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The renowned historiographer E.H. Carr famously compared the historian with his facts to the fishmonger with fish on the slab; the historian collects the facts, takes them home, and cooks and serves them in whatever style appeals to him. Naturally, the historian will add spices and other ingredients to draw out the precise flavor needed to make an average meal into a palette-pleasing feast for the senses. But, in doing so, there is the ever-present danger that the spices, the tantalizing aroma, and the aesthetically pleasing presentation are merely an attempt to mask the fact that the fish has long since turned rotten.

And when it comes to the course of US politics, there is the distinct stench of putrefaction. And, while America’s putrescent corpus decays further, the unmistakable rasp of circling vultures becomes inescapable, the smell overwhelming.

Enter: Donald Trump – the vulture made flesh. And, as the President-elect circles high above his prey, awaiting the moment that he and his Wall Street-Pentagon flock can begin their feast, it remains for the rest of us to consider just what we’ve lived through, and how the history of this low-water mark will be written.

A distinct narrative has already emerged from various corners of the media and blogosphere: Trump’s victory was due to discontent with neoliberalism and the decades of economic neglect and exploitation of the white working class. And, of course, this makes sense and is undoubtedly a significant factor. However, is it entirely true? Was Trump’s path to the Oval Office truly paved by the precarious economic existence of millions of blue collar white Americans?

But in answering that question, we’re confronted with another, even more complex question: how is economic disaffection among White America actually expressed? And do those expressing that rage have any cognizance of the root causes of their socio-political outlook?

By examining the available data, it becomes clear that while seething anger from economic hardship brought on by neoliberalism may be an aspect underlying much of the core of Trumpism, it is not the dominant factor. Rather, Trump’s win should rightly be understood as the triumph of white identity politics. And the data supports this conclusion.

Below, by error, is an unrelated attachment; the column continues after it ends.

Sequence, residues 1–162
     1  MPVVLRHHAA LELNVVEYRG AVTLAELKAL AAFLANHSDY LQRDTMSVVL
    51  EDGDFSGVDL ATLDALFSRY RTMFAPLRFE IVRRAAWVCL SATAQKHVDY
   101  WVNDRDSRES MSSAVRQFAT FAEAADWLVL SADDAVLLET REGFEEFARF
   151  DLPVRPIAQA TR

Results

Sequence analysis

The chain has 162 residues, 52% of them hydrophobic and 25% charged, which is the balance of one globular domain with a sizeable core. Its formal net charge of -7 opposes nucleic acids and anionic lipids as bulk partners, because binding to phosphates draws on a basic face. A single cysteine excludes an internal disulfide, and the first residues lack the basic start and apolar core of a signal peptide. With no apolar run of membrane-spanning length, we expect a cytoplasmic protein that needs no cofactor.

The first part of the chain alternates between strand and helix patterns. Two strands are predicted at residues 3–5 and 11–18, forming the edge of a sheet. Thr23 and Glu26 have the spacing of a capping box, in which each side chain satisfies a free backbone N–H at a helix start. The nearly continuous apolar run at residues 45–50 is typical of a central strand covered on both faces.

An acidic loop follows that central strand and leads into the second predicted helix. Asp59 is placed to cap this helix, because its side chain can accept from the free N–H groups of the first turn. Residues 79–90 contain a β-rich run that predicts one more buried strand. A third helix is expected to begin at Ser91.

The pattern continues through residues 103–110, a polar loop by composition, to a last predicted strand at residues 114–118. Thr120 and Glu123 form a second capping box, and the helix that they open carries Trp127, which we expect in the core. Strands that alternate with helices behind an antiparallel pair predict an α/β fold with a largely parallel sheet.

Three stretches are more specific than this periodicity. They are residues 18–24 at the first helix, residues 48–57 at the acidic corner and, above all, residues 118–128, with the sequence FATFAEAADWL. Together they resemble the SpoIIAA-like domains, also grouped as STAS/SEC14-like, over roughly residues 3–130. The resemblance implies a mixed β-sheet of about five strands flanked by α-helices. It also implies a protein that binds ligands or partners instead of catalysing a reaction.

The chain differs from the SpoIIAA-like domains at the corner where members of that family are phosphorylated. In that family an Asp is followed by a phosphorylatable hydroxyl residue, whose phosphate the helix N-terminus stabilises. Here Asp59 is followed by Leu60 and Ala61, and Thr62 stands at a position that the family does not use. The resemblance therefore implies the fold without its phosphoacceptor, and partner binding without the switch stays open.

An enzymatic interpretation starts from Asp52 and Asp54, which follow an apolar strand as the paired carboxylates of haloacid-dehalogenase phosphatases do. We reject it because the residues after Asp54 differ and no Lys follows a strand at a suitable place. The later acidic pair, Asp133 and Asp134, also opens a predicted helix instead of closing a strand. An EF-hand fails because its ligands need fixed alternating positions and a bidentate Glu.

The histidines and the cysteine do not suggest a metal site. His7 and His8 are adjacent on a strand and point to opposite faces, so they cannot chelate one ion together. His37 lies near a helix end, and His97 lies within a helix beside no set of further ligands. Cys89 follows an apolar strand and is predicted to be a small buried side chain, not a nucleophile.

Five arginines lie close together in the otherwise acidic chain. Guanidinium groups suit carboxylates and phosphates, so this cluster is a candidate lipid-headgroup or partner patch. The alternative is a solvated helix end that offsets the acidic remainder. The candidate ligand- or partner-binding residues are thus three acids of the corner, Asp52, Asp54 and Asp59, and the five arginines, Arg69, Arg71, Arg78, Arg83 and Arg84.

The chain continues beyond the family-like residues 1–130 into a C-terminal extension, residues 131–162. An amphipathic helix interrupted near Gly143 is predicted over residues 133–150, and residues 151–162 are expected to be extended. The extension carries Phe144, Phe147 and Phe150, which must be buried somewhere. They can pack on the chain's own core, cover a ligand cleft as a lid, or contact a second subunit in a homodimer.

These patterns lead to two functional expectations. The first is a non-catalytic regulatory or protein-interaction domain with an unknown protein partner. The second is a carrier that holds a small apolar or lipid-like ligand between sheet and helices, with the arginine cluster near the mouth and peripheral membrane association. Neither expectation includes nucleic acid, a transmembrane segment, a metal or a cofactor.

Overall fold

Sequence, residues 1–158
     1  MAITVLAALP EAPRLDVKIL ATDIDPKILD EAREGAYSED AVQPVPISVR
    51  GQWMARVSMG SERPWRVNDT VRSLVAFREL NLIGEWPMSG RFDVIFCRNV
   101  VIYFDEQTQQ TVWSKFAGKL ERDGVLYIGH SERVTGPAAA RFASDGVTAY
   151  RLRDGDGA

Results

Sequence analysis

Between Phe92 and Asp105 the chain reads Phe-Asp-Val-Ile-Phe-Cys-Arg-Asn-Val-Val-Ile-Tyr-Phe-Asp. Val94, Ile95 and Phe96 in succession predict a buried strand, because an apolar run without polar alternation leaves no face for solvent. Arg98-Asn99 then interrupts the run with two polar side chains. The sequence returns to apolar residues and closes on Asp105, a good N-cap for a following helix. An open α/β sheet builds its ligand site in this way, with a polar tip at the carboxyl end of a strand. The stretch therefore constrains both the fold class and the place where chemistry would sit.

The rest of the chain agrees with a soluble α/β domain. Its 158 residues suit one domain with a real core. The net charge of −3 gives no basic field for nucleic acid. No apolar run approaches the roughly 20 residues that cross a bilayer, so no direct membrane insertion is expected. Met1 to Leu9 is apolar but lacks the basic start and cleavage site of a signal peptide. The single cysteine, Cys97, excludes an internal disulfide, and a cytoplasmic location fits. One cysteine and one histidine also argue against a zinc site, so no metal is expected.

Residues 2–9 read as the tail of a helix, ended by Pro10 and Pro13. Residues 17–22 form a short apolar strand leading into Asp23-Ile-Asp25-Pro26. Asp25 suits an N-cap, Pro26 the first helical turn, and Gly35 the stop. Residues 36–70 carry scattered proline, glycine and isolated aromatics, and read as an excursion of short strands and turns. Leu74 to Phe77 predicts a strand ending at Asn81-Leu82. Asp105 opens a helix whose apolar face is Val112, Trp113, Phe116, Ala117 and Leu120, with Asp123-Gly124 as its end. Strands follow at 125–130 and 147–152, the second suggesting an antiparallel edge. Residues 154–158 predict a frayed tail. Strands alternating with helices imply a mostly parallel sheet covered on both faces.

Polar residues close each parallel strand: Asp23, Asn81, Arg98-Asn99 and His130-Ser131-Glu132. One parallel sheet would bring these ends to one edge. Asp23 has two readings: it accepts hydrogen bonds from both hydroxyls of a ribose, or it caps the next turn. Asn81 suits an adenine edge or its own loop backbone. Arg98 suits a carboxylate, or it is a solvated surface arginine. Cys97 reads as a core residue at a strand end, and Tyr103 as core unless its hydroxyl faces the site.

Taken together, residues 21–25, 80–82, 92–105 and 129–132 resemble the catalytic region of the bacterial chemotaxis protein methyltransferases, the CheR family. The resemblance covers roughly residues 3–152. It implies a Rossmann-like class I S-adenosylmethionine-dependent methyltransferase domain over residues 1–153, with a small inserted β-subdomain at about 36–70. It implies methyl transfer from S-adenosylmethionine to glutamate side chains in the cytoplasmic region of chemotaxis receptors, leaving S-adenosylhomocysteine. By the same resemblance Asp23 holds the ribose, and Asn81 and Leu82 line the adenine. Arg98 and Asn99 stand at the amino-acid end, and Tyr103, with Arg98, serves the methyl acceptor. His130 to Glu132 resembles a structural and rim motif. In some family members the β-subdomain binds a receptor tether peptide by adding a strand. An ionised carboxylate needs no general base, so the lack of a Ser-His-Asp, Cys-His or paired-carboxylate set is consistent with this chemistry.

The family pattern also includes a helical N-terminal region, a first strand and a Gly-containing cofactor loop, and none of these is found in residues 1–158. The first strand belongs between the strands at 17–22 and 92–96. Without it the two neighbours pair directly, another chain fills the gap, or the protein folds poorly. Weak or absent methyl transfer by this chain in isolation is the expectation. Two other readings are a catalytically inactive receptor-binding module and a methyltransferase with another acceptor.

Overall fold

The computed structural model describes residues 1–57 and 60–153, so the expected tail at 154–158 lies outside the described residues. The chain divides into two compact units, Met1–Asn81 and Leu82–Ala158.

A recent study conducted by researchers at the University of Massachusetts Amherst entitled Explaining White Polarization in the 2016 Vote for President: The Sobering Role of Racism and Sexism found that “while economic dissatisfaction was part of the story, racism and sexism were much more important and can explain about two-thirds of the education gap among whites in the 2016 presidential vote.” The analysis used data from a national survey conducted during the final week of October (just days before the election), and concluded that the negative effects of neoliberalism and the rule of Wall Street were not the single most important factor in the victory for Trump. Rather it was “whiteness” and misogyny which played a pivotal role.

It must be stated that the Democratic Party has attempted to explain away its stunning collapse in the face of perhaps the weakest Republican candidate in generations by attributing it entirely to racism and misogyny, thereby absolving itself of any blame. This is, of course, laughable. Still, the question of whiteness looms large.

Scholars at the Universities of Michigan and Texas recently published a key study entitled The Changing Norms of Racial Political Rhetoric and the End of Racial Priming which, among other things, concluded that overtly racialized political rhetoric has become normalized, that it is no longer taboo, and that the election of Barack Obama played a significant role in this process. While undoubtedly true, the researchers highlighted a far more important, and too often overlooked, engine of the Trump Train – “white oppression.”

The researchers noted that: